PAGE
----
In the previous post “can an iPhone work as a calibrated microphone?“, it was shown the possibility of using an iPhone as a sound meter for noise measuring at work. In a line with that, we now show different possibilities to use this outstanding smartphone as a calibrated light meter.
Several apps exists allowing iPhone to work as a light meter using its built-in camera as a light sensor. I tested some apps, prioritising those allowing a calibration of the measured value in order to adjust it to real values and these are, in my opinion, the most highlighted ones:
- Megaman LuxMeter: (free) several functions, light meter among them.
- LightMeter Whitegoods: (gratuita) wonderfully simple.
- LuxMeterPro Advanced: (2,69€), allows, in addition, measure the color temperature.
After several tests, I found a common problem: values variability during getting samples, displaying unstable and unalike readings depending on how the camera received the light from the lamp or the focus point.
We must take into account that, as Whitegoods manual says, a light meter sensor measures the widest angle of light, but iPhone´s camera measurement range is hardly in one direction what, in addition to autofocus function, measures insolvent results, as shown in the images above.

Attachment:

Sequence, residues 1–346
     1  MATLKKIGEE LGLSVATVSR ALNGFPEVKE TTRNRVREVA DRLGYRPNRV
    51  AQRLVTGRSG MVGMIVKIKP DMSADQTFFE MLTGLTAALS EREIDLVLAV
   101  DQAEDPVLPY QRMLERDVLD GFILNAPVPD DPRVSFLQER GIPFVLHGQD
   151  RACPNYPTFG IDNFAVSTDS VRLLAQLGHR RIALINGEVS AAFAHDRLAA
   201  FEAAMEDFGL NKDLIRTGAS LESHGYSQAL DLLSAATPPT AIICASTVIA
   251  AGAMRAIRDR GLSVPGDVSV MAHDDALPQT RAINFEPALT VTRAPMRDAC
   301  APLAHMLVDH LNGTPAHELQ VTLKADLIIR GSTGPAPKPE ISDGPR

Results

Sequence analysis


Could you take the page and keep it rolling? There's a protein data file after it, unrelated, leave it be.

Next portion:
As happened when using the iPhone as a sound level meter, I was about to throw in the towel when I met Luxi. It´s a little and cheap device (some 22€) consisting of a diffusion dome that fits over the iPhone´s camera. Originally designed for photography purposes, I tested it in order to check if previous deficiencies were solved.
Luxi improves the readings stability and and, depending of the installed app, more trustable values are measured. We must take into account that calibration in apps is not perfect since it is done adjusting a bar in the display with the finger. But, with some patience, settings may be adjusted according to calibrated range with a +-5% margin of error.
Among the 3 apps, Whitegoods was the one giving the most trustable and stable values, and I loved it for its simplicity.
Other option to use the iPhone as a light meter what seems to solve more proper to the iPhone´s camera restraint, is Lumu. It is a device with a built-in sensor and diffusion dome that plugs in the headphones jack and measures the light level directly, without the need to use the camera.
Lumu is about 95€ and is available both for iPhone and Android, is equipped with a high precision and wide measuring range sensor.
Find this video showing how it works and its precision.
Do you know any other gadgets which make easy our work as consultants?. We do. So, stay tuned to PrevenBlog!
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